Though Hispanics are still more likely to identify as Catholic – 62% do so, according to Pew – evangelical leaders say they see signs that the number of Hispanics in their churches will only grow in the future.

“The growth in most of our churches is because of immigration. That is the future of our churches,” Wallis said matter-of-factly.

That change is evidenced in the ethnic makeup of the coalition’s leadership. Luis Cortés, president of the evangelical group Esperanza, Gabriel Salguero, president of the National Latino Evangelical Coalition, and Rodriguez, president of the National Hispanic Christian Leadership Conference, all signed on to the group early. Additionally, many of the local pastors are from primarily Hispanic churches.

Wallis concludes: “This is our growth, these are out brothers and sisters. We are a diverse body of Christ, we are a very diverse community. This is our family and this is our future.”

- Dan Merica

Filed under: Evangelical • Immigration • Latino issues • Protestant • Race

soundoff (1,205 Responses)
  1. saganhill

    Christianity–taking advantage of the poor, elderly, young, uneducated for 2000+ years.

    January 13, 2013 at 11:33 am |
  2. Lou

    a dose of reality

    A few questions should help shed light on the relationship between religion and rational thought.
    The completely absurd theory that all 7,000,000,000 human beings are simultaneously being supervised 24 hours a day, every day of their lives by an immortal, invisible being for the purposes of reward or punishment in the “afterlife” comes from the field of:
    (a) Astronomy;
    (b) Medicine;
    (c) Economics; or
    (d) Christianity
    You are about 70% likely to believe the entire Universe began less than 10,000 years ago with only one man, one woman and a talking snake if you are a:
    (a) historian;
    (b) geologist;
    (c) NASA astronomer; or
    (d) Christian
    I have convinced myself that gay $ex is a choice and not genetic, but then have no explanation as to why only gay people have ho.mo$exual urges. I am
    (a) A gifted psychologist
    (b) A well respected geneticist
    (c) A highly educated sociologist
    (d) A Christian with the remarkable ability to ignore inconvenient facts.
    I honestly believe that, when I think silent thoughts like, “please god, help me pass my exam tomorrow,” some invisible being is reading my mind and will intervene and alter what would otherwise be the course of history in small ways to help me. I am
    (a) a delusional schizophrenic;
    (b) a naïve child, too young to know that that is silly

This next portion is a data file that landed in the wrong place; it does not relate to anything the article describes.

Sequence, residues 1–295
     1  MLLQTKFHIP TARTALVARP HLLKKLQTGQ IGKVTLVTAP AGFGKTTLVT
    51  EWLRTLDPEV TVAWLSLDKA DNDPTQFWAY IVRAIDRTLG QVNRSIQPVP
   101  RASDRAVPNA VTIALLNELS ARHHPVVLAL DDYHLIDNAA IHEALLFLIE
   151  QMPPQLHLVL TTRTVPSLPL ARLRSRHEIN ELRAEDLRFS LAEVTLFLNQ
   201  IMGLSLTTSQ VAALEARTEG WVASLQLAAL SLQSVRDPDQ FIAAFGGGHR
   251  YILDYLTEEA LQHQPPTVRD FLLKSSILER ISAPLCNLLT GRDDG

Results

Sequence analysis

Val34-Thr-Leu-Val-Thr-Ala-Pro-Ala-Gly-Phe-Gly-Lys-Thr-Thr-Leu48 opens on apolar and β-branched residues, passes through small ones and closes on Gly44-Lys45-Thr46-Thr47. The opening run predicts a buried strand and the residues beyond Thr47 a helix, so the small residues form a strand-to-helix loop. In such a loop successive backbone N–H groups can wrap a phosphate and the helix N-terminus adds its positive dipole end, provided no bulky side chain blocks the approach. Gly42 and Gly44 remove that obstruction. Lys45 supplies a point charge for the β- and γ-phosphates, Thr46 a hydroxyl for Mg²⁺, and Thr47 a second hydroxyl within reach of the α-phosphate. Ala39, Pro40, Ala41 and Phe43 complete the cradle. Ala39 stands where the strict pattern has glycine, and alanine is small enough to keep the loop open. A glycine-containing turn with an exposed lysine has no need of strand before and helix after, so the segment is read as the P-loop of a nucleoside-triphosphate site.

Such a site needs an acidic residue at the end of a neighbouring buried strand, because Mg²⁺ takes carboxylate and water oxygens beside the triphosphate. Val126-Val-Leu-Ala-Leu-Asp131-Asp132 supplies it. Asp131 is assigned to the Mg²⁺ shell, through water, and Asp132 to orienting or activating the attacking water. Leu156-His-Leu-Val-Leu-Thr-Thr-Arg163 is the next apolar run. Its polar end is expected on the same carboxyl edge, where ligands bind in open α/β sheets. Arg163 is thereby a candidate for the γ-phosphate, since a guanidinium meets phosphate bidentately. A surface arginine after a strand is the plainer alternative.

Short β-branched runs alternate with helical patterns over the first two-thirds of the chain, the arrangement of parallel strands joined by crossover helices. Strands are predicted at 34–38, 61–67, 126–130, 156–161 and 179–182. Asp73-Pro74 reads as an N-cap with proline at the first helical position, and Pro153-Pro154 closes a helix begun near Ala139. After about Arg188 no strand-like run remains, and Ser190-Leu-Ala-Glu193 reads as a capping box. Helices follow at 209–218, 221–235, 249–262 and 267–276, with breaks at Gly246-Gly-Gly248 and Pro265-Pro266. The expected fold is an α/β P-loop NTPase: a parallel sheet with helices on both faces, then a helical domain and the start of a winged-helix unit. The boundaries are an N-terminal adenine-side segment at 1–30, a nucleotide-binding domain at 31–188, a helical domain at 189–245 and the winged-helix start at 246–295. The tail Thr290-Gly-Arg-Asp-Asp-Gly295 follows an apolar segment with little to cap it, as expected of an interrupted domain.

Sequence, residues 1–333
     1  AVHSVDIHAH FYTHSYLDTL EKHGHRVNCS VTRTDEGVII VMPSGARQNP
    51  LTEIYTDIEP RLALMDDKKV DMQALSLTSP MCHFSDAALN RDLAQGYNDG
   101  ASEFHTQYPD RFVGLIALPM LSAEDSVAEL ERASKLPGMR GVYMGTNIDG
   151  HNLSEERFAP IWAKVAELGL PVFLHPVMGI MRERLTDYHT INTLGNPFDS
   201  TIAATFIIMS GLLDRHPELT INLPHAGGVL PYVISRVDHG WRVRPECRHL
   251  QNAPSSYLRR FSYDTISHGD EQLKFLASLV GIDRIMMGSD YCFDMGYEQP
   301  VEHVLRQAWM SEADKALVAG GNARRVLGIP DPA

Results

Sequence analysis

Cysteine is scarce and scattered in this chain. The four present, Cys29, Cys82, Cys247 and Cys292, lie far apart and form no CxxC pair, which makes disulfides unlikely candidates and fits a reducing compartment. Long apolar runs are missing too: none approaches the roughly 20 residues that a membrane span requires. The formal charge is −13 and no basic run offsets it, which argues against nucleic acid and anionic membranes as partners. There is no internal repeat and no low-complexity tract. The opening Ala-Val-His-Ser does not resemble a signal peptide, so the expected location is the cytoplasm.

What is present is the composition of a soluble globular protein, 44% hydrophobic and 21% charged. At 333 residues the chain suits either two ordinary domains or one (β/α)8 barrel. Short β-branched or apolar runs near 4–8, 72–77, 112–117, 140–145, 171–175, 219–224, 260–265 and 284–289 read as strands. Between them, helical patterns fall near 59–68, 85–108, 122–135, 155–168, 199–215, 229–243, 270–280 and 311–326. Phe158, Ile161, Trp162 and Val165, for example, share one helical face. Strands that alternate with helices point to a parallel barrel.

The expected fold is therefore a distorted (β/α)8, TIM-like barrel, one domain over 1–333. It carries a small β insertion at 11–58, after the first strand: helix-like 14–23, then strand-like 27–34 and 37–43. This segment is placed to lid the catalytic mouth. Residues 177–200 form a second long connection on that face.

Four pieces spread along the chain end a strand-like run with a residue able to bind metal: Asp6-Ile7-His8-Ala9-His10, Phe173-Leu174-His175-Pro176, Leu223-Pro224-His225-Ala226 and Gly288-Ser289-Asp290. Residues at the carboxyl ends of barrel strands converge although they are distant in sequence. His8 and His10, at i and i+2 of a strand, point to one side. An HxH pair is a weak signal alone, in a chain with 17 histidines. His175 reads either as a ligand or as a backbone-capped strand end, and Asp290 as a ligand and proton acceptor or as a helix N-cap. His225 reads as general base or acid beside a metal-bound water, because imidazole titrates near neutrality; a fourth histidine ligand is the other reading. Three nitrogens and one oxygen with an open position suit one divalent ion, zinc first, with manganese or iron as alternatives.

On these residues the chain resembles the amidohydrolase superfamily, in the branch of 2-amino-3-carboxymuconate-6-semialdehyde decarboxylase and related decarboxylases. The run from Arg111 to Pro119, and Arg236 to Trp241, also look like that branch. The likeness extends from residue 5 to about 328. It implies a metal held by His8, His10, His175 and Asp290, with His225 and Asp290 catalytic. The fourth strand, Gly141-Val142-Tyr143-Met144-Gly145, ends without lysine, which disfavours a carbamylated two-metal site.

(c) an ignorant farmer from Sudan who never had the benefit of even a fifth grade education; or
    (d) your average Christian
    Millions and millions of Catholics believe that bread and wine turns into the actual flesh and blood of a dead Jew from 2,000 years ago because:
    (a) there are obvious visible changes in the condiments after the Catholic priest does his hocus pocus;
    (b) tests have confirmed a divine presence in the bread and wine;
    (c) now and then their god shows up and confirms this story; or
    (d) their religious convictions tell them to blindly accept this completely fvcking absurd nonsense.
    I believe that an all powerful being, capable of creating the entire cosmos watches me have $ex to make sure I don't do anything "naughty". I am
    (a) A victim of child molestation
    (b) A r.ape victim trying to recover
    (c) A mental patient with paranoid delusions
    (d) A Christian
    The only discipline known to often cause people to kill others they have never met and/or to commit suicide in its furtherance is:
    (a) Architecture;
    (b) Philosophy;
    (c) Archeology; or
    (d) Religion
    What is it that most differentiates science and all other intellectual disciplines from religion:
    (a) Religion tells people not only what they should believe, but what they are morally obliged to believe on pain of divine retribution, whereas science, economics, medicine etc. has no “sacred cows” in terms of doctrine and go where the evidence leads them;
    (b) Religion can make a statement, such as “there is a composite god comprised of God the Father, Jesus and the Holy Spirit”, and be totally immune from experimentation and challenge, whereas science can only make factual assertions when supported by considerable evidence;